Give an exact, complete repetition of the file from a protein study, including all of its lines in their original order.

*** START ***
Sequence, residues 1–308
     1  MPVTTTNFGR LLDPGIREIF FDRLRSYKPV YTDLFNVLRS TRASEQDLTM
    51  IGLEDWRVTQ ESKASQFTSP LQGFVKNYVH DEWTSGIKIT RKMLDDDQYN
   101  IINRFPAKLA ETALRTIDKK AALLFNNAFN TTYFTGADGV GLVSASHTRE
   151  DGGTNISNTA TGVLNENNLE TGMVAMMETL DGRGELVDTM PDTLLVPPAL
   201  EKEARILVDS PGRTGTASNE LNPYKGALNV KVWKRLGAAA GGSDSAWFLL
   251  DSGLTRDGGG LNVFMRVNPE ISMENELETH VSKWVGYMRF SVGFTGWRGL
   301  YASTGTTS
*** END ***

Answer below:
Sequence, residues 1–308
     1  MPVTTTNFGR LLDPGIREIF FDRLRSYKPV YTDLFNVLRS TRASEQDLTM
    51  IGLEDWRVTQ ESKASQFTSP LQGFVKNYVH DEWTSGIKIT RKMLDDDQYN
   101  IINRFPAKLA ETALRTIDKK AALLFNNAFN TTYFTGADGV GLVSASHTRE
   151  DGGTNISNTA TGVLNENNLE TGMVAMMETL DGRGELVDTM PDTLLVPPAL
   201  EKEARILVDS PGRTGTASNE LNPYKGALNV KVWKRLGAAA GGSDSAWFLL
   251  DSGLTRDGGG LNVFMRVNPE ISMENELETH VSKWVGYMRF SVGFTGWRGL
   301  YASTGTTS